When Helping Turns Deadly; Signs and Symptoms of Enabling Behaviors

When helping turns deadly…

Signs And Symptoms Of Enabling Behaviors.

Addiction is an insidious illness that compromises every aspect of life. It also negatively impacts the lives of family members. Addiction changes the way people think, feel and behave. These changes can most often be seen through unhealthy behavior patterns such as isolating, disconnecting from family, poor hygiene, sleep changes, financial difficulties, and depressive and/or aggressive mood swings.

When you love someone struggling with addiction, it’s important to understand the difference between helping them and enabling their illness. It’s easy to become overwhelmed by their problems and get caught up in their chaos. You’ve witnessed their decline. You’ve tried helping them. You’ve tried pleading with them. You’ve tried threatening them. You’ve coddled them. You’ve cried with them. You’ve yelled until you’re blue in the face. But nothing you do works.

Please note, your addicted loved one hears you. They don’t feel right about what’s happening, either. Addiction affects the area of the brain responsible for impulse control and reasoning. Simply put, addicts can’t stop and each time they pick up the consequences get worse.

You may have a love/hate relationship with the addicted person. They’re happiest with you when you’re helping them. But when you say no, it’s a different story. You, on the other hand, aren’t happy at all. You’re exhausted. You’re tired of cleaning up their messes. You’re tired of bailing them out. You’re tired of fixing them. You’re tired of helping them and it’s is taking a massive toll on you.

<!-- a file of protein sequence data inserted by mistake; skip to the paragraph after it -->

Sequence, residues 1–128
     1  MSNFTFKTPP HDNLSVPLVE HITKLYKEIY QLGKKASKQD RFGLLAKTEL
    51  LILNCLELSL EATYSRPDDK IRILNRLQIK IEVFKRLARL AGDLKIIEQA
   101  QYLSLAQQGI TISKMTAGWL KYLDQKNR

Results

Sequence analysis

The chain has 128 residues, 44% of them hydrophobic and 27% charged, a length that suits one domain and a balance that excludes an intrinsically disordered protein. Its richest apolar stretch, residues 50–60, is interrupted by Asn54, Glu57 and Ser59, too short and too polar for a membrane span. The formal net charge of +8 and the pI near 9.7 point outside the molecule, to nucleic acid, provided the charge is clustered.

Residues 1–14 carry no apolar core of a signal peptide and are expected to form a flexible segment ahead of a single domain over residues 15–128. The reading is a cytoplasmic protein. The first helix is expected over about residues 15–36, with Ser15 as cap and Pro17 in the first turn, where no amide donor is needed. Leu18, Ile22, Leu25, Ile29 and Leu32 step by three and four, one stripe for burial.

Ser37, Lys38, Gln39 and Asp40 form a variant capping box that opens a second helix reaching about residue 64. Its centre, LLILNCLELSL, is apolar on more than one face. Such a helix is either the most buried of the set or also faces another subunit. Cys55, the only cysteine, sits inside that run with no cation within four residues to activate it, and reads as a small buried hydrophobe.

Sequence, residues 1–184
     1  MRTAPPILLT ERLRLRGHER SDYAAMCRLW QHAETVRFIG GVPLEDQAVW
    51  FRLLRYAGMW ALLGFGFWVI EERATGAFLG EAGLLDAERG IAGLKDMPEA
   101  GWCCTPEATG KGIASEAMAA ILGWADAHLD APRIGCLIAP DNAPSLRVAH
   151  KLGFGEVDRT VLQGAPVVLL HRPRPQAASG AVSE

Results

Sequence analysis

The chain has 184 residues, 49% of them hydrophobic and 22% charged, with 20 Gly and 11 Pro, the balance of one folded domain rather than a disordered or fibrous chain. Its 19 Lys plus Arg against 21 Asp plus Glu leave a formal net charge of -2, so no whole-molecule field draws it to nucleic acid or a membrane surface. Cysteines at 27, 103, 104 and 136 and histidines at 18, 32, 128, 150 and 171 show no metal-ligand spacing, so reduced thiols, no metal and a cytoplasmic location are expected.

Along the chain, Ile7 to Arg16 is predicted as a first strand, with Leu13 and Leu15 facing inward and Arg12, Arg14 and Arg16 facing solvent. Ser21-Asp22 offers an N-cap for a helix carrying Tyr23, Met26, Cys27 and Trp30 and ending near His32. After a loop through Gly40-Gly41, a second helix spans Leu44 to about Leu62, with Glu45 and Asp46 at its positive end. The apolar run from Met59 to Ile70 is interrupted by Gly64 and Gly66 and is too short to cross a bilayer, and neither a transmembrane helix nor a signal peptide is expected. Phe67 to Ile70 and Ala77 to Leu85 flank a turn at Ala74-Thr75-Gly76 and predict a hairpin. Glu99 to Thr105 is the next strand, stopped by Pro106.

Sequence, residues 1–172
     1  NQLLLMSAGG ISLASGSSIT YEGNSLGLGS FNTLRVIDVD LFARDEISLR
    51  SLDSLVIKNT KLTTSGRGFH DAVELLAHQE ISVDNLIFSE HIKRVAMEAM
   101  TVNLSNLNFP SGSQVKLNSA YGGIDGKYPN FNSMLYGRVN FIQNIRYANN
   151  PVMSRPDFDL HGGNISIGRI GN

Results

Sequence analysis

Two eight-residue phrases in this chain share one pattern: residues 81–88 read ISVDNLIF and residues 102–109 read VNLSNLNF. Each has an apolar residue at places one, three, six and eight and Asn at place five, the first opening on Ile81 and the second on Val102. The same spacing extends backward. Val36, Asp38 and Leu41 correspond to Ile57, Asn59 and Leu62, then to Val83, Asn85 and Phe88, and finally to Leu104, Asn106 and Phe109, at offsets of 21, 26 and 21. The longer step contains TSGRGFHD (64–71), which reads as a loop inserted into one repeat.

You can’t remember the last time you had any energy or even felt good. You trudge through your days, distracted and in a fog. You beat yourself up and wonder if you did something wrong.

You’re in survival mode and doing the best you can. Without education and support, your life will continue to spiral downwards until finally, something snaps. Most often that something is your marriage, other significant relationships, finances or physical/psychological/emotional health. Families can suffer from nervous breakdowns, heart disease, high blood pressure, ulcers, chronic depression, and fatigue.

All you wanted to do was to help. But most who enable have no idea the help being provided actually aides in the demise of the person they love.

Enabling is doing something for someone who can and should be doing it for themselves.

Helping is supporting choices leading to recovery and wellness.

By the time someone progresses deep into addiction, they appear unable to do many things without help. Some can’t keep a job. Because they have no money, they ‘borrow’ yours. Some can’t keep up their car payments or child support. They need gas money and money for food. They fall behind in the rent. The car insurance needs renewing. Their demands are endless.

They may rely solely on you for support. But appearances are deceiving. Addiction is a mirage. Substance abusers are highly intelligent people. They are masters of manipulation. Although it may look like they’re needy and weak, they’re not! The effort required to maintain a drug addiction could run a fortune 500 company.

Ask yourself this;

Are you making excuses for them?

Are you the first person they call when needing help?

Addicted persons use substances to feel better.

Enablers give in to feel better.

Both parties are doing the same thing, seeking temporary relief leading to longer-term problems.

Enabling behaviors are part of codependency. Codependency is a condition affecting the individual’s ability to have a healthy, mutually satisfying, relationship. It is also known as “relationship addiction.” People with codependent traits often form or maintain relationships that are one-sided, emotionally destructive and/or abusive.

Codependents and addicted persons both suffer from unhealthy behavior patterns and self-defeating thoughts such as;

Addicted person continually thinks about substance. 
Family member continually thinks about the addicted person.

Increased Tolerance; 
Addicted person needs more of the substance to achieve the same effect. 
Family member becomes more tolerant of addicts neglectful/hurtful/abusive behavior.

Loss of Control; 
Addicted person loses control of their behavior under the influence of a substance. 
Family member loses control of their behavior when engaging with the addict.